The Aviation Collection of the Danish Museum of Science and Technology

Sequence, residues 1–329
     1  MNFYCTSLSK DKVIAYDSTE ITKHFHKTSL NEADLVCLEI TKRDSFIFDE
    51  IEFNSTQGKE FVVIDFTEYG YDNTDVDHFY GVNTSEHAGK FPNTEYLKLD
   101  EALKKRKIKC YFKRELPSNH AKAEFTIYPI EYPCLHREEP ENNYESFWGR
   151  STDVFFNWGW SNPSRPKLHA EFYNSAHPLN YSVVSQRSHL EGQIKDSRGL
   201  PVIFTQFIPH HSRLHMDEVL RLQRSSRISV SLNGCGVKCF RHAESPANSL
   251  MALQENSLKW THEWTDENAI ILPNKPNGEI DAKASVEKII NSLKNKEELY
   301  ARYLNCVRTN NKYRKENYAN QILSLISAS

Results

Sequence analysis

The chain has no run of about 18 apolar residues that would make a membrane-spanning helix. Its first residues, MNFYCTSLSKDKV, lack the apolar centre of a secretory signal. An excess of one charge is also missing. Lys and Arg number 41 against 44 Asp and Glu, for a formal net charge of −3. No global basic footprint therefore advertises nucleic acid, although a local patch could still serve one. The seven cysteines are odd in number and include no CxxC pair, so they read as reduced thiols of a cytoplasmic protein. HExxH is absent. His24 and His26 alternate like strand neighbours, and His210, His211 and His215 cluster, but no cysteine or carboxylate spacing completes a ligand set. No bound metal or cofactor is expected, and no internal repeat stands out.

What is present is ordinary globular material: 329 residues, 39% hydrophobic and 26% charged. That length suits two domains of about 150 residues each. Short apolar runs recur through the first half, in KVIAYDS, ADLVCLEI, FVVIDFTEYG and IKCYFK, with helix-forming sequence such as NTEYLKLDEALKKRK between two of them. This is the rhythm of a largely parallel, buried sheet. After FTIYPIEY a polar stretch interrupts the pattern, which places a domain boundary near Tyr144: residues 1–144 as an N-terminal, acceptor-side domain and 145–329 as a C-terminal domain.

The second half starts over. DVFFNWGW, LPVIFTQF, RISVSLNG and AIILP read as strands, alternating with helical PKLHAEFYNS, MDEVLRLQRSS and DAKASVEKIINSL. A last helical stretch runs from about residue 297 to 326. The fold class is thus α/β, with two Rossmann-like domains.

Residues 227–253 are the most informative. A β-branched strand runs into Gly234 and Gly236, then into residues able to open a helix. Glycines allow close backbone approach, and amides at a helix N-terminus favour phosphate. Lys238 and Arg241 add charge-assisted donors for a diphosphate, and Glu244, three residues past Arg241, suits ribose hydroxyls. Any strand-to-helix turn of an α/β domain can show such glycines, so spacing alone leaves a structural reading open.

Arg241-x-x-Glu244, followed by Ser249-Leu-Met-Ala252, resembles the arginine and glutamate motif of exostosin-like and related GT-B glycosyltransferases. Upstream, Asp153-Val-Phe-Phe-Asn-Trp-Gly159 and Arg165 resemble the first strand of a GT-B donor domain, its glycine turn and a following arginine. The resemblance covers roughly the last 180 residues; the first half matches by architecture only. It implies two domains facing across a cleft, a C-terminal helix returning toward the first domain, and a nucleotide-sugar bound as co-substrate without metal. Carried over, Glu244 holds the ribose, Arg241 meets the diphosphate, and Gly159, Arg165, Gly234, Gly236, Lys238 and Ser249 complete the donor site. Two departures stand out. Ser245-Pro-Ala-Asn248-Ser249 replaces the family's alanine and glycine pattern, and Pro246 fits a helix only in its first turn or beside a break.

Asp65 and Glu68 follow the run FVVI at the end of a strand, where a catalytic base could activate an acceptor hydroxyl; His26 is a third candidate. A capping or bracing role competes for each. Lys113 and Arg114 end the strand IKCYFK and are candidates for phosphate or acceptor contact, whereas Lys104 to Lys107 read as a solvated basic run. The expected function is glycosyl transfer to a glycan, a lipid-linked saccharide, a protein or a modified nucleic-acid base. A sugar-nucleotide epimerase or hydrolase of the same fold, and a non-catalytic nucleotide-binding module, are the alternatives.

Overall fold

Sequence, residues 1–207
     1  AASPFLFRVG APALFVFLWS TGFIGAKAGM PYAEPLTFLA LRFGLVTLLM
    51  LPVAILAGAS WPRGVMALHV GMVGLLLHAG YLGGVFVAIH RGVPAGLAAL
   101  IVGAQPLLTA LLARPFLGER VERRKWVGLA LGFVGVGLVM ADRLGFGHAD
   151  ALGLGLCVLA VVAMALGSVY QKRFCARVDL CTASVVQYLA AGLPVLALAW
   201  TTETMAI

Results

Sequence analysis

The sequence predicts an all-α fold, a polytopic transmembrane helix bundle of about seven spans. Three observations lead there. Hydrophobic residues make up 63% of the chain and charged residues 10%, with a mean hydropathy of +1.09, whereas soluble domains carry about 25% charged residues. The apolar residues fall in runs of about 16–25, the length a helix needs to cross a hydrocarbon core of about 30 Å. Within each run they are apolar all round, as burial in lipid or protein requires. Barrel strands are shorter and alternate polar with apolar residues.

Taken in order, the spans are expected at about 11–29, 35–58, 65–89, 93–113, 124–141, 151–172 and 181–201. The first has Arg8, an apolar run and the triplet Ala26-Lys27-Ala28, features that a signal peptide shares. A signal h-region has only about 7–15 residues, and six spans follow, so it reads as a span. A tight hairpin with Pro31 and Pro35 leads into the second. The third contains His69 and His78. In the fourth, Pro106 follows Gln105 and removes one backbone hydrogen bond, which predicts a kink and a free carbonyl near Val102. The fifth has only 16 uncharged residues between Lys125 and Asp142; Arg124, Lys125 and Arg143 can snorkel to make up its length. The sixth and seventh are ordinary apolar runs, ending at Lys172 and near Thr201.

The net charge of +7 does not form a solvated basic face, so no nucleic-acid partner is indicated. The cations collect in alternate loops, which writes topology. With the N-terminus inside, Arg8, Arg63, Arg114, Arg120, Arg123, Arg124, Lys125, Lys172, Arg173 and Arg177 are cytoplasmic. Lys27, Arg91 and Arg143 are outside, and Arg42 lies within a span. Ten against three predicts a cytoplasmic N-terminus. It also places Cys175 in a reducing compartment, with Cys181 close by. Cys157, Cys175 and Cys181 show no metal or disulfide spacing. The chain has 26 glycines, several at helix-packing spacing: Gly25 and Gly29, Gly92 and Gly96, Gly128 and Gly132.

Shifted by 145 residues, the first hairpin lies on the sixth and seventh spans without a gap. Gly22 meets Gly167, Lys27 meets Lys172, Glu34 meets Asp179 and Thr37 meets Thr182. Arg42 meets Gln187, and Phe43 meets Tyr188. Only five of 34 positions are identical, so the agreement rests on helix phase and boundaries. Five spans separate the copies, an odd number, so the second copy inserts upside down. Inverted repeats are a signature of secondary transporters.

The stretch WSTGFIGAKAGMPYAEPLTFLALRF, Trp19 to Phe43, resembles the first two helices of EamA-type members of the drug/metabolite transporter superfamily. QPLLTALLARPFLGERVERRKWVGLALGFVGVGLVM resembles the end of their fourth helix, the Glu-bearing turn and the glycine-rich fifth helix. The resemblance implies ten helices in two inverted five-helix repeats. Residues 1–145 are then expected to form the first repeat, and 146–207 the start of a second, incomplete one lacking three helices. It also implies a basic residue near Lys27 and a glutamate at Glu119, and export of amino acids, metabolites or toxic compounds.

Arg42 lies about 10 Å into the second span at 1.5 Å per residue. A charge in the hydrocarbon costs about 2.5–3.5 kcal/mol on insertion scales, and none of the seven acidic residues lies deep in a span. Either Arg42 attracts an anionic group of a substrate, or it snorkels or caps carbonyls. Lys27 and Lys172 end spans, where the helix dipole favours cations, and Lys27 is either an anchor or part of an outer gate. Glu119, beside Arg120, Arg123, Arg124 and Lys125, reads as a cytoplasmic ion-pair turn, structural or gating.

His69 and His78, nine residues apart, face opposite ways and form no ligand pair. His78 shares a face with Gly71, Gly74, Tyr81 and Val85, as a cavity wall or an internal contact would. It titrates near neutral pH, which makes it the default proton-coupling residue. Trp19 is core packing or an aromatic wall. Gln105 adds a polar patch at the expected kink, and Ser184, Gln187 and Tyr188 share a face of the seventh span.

Based in an industrial estate of Helsingoer in Denmark, the Danish Museum of Science and Technology has an impressive collection of steam engines, inventions, electric appliances, bicycles, cars and also a rather extensive aviation department that covers around 30 different types of aircraft that have landmarked Danish Aviation History. The Museum is located in Elsinore and it takes about 20 minutes by train from Copenhagen’s Central Station to get there. Types on display include light- and military- aircraft, gyrocopters, helicopters and a complete SAS Caravelle airliner from the 1960s. The Museum’s Caravelle, registered OY-KRD, flew for the first time on July 26, 1960 and was delivered to SAS on July 30, 1960 under the name “Ulf Viking”. The first commercial flight took place on August 8, 1960 from Copenhagen to Cairo via Düsseldorf, Vienna and Athens. The Caravelle’s final sortie was flown on August 21, 1974 from Stockholm-Arlanda to Copenhagen. “Ulf Viking” had 29.845 flying-hours and 30.004 Landings at the time of its retirement. After being on display at the Danske Flyvemuseum in Billund, she had been moved to Helsingoer in October 1998 and is there open to the public since May 2000. Also on exhibit is a real historic airplane from the ‘Danish Edison’ inventor J.C. Ellehammer, who, at least in the eyes of several Danes, was the first to fly in Europe in 1906. Actually this had never been acknowledged as the first European flight. At the time this shots were taken (October 2018), a team of volunteers was building an exact replica of the first Danish traffic airplane, the Friedrichshafen F.F 49C.

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